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Anglo-French UCAV Program Eventually Could Add New Partners

Jul. 16, 2014 - 03:45AM   |  
By ANDREW CHUTER   |   Comments
Prime Minister David Cameron Announces His New Cab
Philip Hammond, the new British foreign secretary, says other nations eventually could join an Anglo-French future combat air system program. (Oli Scarff/ / Getty Images)
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FARNBOROUGH, ENGLAND — British Foreign Secretary Philip Hammond has held out the prospect of other nations eventually joining the Anglo-French future combat air system program but said for now it would remain a bilateral effort.

“It’s possible [other partners might join] later but it’s a bilateral for now,” Hammond told reporters after he emerged from signing a deal with French Defense Minister Jean-Yves Le Drian committing the two sides to a two-year, £120 million (US $205.4 million) study to look at their future unmanned combat air vehicle (UCAV) requirements.

See full Defense News coverage of the Farnborough Airshow

The British minister said the partners were being pragmatic but that other nations will not be excluded from possibly joining the program later.

One industry executive said that wouldn’t satisfy the Germans or the Italians, who want to join the program while it was in the study phase or they risked signing up only after others had set the requirements.

A second executive said the need for development cash and high production volumes would likely drive the Anglo-French partners into a wider European arrangement at some stage.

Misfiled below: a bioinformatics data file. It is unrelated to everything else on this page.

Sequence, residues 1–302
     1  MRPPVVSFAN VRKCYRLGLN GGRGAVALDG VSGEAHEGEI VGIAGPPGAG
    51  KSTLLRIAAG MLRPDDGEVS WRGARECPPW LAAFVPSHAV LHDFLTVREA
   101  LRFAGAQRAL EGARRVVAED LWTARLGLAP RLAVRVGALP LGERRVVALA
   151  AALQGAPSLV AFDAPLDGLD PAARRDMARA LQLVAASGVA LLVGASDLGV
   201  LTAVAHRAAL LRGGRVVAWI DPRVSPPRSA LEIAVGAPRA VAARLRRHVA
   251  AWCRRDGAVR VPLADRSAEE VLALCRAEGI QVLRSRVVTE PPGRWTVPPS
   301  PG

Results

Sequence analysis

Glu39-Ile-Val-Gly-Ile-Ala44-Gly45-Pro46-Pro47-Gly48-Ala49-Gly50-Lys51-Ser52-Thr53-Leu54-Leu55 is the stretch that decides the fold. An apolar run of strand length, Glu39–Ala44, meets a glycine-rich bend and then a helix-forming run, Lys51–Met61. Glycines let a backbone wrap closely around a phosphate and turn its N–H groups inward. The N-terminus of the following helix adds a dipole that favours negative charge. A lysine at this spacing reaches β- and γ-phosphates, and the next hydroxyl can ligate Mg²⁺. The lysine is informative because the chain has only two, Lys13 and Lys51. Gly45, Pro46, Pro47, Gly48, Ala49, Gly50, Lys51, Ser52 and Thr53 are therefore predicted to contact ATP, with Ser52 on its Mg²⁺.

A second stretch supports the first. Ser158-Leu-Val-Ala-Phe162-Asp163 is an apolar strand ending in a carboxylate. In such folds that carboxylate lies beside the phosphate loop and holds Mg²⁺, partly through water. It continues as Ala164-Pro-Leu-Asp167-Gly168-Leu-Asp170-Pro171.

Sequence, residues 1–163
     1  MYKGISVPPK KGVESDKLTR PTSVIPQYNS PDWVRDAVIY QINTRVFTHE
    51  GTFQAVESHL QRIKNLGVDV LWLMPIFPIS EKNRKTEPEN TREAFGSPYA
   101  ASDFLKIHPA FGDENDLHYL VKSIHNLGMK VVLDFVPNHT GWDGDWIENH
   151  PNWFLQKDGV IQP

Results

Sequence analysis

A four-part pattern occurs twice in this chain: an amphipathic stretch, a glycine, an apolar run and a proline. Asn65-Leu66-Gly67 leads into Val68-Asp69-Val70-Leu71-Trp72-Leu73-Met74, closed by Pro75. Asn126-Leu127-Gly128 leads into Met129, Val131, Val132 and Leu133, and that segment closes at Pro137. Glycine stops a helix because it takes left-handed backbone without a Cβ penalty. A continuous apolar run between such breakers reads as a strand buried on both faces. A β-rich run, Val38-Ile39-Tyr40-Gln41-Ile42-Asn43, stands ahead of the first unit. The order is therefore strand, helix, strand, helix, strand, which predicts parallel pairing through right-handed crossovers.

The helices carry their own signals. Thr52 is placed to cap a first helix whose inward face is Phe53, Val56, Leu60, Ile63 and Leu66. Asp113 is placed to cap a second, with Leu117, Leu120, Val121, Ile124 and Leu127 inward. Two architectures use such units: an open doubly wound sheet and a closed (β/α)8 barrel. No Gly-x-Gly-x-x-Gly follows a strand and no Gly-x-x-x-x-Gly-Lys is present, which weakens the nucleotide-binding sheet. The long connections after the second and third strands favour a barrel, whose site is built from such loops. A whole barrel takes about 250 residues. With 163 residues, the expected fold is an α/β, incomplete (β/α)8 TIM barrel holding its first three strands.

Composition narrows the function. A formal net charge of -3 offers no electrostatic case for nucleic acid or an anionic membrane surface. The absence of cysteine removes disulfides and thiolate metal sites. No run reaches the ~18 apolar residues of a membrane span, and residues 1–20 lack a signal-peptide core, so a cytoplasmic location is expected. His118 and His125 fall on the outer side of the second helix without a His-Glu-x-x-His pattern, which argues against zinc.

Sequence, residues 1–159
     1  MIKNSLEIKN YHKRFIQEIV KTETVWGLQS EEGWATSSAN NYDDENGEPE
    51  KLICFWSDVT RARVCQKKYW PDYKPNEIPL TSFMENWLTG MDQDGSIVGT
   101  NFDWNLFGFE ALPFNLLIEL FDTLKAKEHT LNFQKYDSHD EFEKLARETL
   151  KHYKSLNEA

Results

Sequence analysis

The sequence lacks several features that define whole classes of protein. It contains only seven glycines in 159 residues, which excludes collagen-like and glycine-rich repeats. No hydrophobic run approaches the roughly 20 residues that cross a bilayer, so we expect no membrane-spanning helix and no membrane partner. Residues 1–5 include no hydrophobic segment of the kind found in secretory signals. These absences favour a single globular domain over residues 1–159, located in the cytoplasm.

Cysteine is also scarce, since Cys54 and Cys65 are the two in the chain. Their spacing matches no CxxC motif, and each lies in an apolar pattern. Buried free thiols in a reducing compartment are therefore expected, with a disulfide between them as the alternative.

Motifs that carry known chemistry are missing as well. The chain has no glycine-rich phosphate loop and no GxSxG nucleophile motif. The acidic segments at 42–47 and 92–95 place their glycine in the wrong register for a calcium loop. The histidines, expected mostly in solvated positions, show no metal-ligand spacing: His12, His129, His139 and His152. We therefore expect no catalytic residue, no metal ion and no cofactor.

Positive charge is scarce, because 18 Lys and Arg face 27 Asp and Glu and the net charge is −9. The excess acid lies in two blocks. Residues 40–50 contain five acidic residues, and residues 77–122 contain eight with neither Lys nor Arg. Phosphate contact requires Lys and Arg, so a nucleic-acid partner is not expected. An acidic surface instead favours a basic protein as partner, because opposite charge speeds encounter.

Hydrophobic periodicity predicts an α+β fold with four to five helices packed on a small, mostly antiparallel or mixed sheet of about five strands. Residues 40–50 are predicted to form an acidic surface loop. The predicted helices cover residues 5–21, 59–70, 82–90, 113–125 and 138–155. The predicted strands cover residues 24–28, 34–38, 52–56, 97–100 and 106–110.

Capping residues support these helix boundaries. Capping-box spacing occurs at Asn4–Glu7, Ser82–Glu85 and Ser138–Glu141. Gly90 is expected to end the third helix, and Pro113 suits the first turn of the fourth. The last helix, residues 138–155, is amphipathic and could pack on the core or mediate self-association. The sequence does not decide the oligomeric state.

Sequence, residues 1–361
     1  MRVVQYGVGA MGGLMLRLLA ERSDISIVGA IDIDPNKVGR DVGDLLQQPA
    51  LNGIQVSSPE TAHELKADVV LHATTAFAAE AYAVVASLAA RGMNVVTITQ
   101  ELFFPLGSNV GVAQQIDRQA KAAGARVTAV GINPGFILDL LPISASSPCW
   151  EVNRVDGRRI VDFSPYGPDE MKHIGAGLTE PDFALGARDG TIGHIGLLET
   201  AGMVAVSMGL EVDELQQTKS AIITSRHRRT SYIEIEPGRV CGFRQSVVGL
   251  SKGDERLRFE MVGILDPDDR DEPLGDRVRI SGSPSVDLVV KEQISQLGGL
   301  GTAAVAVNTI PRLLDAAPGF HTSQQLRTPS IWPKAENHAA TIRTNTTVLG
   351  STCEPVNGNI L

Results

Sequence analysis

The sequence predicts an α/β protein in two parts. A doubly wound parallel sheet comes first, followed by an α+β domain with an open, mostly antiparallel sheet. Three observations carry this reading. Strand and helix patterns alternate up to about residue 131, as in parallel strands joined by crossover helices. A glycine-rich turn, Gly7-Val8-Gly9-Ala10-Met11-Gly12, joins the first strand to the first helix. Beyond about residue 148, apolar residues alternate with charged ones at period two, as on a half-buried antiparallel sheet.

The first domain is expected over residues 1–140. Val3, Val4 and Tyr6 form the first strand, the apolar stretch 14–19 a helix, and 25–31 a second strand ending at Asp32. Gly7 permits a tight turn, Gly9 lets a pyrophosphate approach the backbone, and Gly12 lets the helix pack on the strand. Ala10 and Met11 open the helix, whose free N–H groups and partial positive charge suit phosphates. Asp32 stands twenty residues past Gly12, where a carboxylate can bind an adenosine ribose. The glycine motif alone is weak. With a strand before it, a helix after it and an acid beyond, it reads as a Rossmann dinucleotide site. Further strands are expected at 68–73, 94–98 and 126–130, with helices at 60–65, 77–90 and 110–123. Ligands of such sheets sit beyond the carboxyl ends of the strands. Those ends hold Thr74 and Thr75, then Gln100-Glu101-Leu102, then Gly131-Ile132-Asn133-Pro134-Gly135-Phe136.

A UCAV is seen as a critical component in retaining operational sovereignty as well as holding onto key defense aviation skills and capabilities as production in current fighters, such as the Eurofighter Typhoon and Dassault’s Rafale, come to a close in the next few years.

Hammond had been defense secretary until a few hours before his appointment with Le Drian but all that changed when British Foreign Secretary William Hague resigned and Hammond found himself promoted.

Industry Minister Micheal Fallon was later named as the replacement for Hammond at the Defence Ministry.

With essentially no other senior politician available, Hammond went ahead and signed what is so far the most important industrial element of the 2010 Anglo-French defense treaty.

The deal will see three industrial teams drawn together to start an in-depth study of technologies likely to be required for a UCAV around the 2035 time frame.

BAE Systems and Dassault Aviation join together on the platform, Selex ES and Thales will work on sensors and communication, and Rolls-Royce and Snecma on the engines. ■


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